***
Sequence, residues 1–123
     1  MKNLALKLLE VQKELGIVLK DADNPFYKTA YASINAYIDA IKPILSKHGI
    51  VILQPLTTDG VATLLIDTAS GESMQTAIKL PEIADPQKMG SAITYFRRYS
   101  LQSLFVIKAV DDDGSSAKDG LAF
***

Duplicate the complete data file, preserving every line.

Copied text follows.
Sequence, residues 1–123
     1  MKNLALKLLE VQKELGIVLK DADNPFYKTA YASINAYIDA IKPILSKHGI
    51  VILQPLTTDG VATLLIDTAS GESMQTAIKL PEIADPQKMG SAITYFRRYS
   101  LQSLFVIKAV DDDGSSAKDG LAF